Haimor Conducts Antheil Serenades

1 - 555196-2 - cover

ANTHEIL: Serenades Nos. 1 & 2. The Golden Bird. Dreams / Württenbergische Philharmonie Reutlingen; Fawzi Haimor, cond / CPO 555196-2

It almost boggles the mind to realize that the music of George Antheil has become mainstream. For decades, the only piece that anyone paid any attention to was his Ballet Mécanique, and that only because it was attached to a surrealistic film of the same title that was suddenly being rereleased on VHS tapes (and later, DVDs), but in the past few years—and it really has been only a few, perhaps six or seven—a large number of his other works have been recorded, most of them for the very first time: Archipelago, Fireworks and Profane Waltzes, The Golden Bird, Jazz Sonata, McConkey’s Ferry, Piano Sonata No. 4, Death of the Machines, The Airplane Sonata, Sonatina for Radio and Symphonies Nos. 3, 4 & 6.

This new CPO release gives us more pieces, the major ones being the String Serenades of 1948 and 1950. By this time, Antheil was past his edgiest, most experimental period and had settled down into writing “Americana”-type pieces in more conventional forms. Some of the music was good and some of it was fairly conventional. One of his stranger pieces during this time was the film score to an independent movie, The Specter of the Rose, but both movie and film score did poor business.

The String Serenade No. 1 is typical of this period. It is a fine, solidly-crafted work using a little bitonal harmony but more or less fashioned in the traditional form. It is still very good music, but it sounds more like certain works by Creston, Harris and even Britten and not like the Antheil of the 1920s and ‘30s. Apparently, he had reached a point where wanting to have his music performed overrode his desire to shock his audiences.

But “entertaining” Antheil is still worth hearing. He didn’t compromise his principles all that much; he just softened his all-out maniacal tendencies for more conventional form. Within those forms, the music still had quite a bit of invention, but it just lacked his individual stamp. “Popular” Antheil is still a bit edgier and less conventional than, say, the popular works of Morton Gould or Aaron Copland. The second Serenade, written for a full orchestra. is cut from a similar cloth, but in the first movement in particular seems to be reaching back a bit to his older, more radical style. The second movement of this serenade is surprisingly different for Antheil: slow, quiet and brooding, almost like a late work of Debussy or Koechlin, both composers he admired. Of course, I don’t claim to know what Antheil’s entire oeuvre sounds like, but within my own frame of reference I can’t think of another piece by him that really sounds like this. In addition to the slow movement and soft profile, he also uses very soft wind and brass blends as Debussy did with frequency. There is, surprisingly, a piano solo in it about 3:15 in, uncredited in the booklet, and a bit later a viola solo, also uncredited. The brisk last movement, though energetic and somewhat bitonal in a Prokofiev-like manner, is somewhat more conventional, but by and large this second serenade is a masterpiece in Antheil’s later style.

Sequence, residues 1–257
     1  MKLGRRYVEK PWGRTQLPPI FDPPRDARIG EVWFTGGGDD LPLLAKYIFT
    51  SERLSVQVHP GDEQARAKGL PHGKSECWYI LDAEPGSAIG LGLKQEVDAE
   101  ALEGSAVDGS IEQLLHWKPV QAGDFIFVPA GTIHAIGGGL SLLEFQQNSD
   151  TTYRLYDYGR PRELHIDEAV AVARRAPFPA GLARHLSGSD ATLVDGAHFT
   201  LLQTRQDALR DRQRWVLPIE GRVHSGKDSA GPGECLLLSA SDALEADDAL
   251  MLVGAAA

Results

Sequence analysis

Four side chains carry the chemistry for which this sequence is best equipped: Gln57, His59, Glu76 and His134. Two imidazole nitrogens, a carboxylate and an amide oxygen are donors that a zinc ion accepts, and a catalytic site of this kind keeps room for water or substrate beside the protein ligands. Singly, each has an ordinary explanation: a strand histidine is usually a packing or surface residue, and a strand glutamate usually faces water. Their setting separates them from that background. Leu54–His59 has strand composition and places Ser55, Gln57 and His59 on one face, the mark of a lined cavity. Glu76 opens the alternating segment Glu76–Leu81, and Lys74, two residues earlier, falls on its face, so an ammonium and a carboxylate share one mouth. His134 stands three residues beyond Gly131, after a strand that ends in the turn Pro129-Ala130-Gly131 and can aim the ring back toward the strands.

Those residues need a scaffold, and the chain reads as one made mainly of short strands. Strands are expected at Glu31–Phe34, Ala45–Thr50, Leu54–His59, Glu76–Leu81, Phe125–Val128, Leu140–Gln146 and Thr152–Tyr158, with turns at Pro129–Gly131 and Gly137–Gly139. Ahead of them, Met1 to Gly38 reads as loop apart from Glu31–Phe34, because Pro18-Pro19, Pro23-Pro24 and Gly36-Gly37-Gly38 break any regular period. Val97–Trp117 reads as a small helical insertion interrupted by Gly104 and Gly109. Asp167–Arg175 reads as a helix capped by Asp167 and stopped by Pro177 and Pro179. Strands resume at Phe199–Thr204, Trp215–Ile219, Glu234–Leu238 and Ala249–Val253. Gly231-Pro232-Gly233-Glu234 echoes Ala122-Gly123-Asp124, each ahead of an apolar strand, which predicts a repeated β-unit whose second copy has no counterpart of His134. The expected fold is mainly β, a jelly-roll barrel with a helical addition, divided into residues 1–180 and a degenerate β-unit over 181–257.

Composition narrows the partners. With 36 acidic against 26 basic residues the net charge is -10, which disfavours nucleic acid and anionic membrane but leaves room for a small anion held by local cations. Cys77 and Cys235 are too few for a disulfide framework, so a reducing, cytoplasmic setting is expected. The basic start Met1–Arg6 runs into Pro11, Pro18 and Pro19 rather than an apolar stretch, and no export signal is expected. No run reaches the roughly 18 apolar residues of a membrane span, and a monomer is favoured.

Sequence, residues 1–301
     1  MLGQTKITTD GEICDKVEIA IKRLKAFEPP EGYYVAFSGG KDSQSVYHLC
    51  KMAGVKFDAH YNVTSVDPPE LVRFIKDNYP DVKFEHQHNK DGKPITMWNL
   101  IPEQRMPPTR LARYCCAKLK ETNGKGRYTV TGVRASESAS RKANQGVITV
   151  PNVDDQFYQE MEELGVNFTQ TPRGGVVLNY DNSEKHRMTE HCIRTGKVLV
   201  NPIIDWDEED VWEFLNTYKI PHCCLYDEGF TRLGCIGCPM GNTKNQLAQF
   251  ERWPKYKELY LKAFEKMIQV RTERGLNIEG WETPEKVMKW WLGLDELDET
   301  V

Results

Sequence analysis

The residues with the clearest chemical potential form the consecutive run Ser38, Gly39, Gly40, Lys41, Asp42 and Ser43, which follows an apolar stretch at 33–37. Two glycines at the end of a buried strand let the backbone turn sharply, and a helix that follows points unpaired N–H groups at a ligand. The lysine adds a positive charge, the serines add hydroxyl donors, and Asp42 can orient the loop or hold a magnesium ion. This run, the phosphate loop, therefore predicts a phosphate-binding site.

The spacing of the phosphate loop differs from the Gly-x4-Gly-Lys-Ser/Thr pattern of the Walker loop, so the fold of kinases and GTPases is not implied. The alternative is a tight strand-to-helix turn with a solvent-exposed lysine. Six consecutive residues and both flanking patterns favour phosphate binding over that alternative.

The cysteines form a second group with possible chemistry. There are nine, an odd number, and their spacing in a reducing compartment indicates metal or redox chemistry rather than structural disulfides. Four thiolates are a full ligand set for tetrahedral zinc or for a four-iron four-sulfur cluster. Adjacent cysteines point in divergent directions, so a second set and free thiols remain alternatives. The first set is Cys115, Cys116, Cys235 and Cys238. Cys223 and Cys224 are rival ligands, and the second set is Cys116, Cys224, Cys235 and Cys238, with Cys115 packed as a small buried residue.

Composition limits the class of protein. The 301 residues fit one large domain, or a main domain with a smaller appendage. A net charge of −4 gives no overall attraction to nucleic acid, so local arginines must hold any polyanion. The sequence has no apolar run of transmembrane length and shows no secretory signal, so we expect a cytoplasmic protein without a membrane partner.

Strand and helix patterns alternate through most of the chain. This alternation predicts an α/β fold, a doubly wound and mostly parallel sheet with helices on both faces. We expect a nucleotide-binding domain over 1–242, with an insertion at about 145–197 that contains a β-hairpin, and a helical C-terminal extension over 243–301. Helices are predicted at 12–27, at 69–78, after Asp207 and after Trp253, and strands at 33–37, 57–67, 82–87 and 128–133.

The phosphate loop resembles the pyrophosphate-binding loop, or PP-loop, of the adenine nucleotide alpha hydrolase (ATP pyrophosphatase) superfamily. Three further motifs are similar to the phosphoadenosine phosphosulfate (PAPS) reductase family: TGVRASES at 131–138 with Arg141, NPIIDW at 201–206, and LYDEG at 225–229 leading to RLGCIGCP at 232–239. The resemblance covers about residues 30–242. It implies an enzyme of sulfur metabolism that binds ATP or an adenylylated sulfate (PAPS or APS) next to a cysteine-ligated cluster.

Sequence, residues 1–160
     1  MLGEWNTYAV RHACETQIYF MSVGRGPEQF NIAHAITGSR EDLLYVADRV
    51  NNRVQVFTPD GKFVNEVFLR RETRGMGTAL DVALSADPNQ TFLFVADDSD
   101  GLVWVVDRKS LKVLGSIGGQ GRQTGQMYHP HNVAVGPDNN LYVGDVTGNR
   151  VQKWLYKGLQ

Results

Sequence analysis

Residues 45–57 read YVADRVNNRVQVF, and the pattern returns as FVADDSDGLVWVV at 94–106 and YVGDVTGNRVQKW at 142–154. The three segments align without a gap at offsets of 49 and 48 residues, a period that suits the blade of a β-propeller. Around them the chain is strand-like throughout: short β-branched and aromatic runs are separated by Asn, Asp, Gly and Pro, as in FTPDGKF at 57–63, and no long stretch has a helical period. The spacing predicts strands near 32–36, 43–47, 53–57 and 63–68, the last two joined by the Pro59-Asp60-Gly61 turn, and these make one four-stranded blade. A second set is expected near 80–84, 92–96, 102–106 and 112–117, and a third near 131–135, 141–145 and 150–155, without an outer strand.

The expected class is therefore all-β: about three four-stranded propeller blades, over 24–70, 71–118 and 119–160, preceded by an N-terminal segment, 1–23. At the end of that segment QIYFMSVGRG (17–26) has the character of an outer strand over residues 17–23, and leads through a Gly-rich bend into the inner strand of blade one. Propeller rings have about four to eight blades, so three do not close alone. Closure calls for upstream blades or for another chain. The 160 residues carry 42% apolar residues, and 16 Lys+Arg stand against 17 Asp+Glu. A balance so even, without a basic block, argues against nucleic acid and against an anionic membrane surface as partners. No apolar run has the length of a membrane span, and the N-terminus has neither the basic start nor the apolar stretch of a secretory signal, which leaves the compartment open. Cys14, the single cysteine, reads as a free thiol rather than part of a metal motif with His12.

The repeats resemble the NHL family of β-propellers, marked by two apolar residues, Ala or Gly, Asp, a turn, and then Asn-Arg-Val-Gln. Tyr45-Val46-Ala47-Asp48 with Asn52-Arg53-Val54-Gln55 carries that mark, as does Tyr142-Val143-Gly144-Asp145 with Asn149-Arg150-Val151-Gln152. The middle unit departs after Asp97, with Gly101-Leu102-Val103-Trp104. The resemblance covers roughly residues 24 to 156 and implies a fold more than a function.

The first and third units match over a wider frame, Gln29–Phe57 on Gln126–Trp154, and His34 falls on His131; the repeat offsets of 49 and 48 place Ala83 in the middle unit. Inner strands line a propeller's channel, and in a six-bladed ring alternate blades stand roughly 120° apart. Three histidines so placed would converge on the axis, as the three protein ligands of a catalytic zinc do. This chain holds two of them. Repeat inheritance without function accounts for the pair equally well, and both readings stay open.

The lengthy, convoluted and poorly-written liner notes by one Eckhardt van den Hoogen give long and torturous “background” for the other works while obscuring the year of composition, but from what I can gather The Golden Bird seems to come from 1922, the year of his London concert debut. Van den Hoogen does give us the date of Dreams, “a ballet composed in1934,” although the very next paragraph tells us that it premiered in June 1933! I think The Golden Bird may have lost a bit in its translation from keyboard to orchestra, but there are some odd moments of Oriental harmony in it that grab the listener’s attention. As for Dreams, a half-hour ballet written in nine sections, parts of it look forward to his later style (the “Introduction” and “Andante – Allegro molto (Sonatina”) while other portions (“Polka” and “Rat”) look back to his anarchistic days. All in all, the music, though interesting, is very episodic in nature and doesn’t really cohere as a ballet score should. It sounds more like a suite, albeit a very interesting suite.

Haimor and the Württenburg Philharmonic give us clean, brisk, rousing performances of each piece on this CD. Overall, I rate it as an important entry in the Antheil discography despite a few weak moments.

—© 2020 Lynn René Bayley

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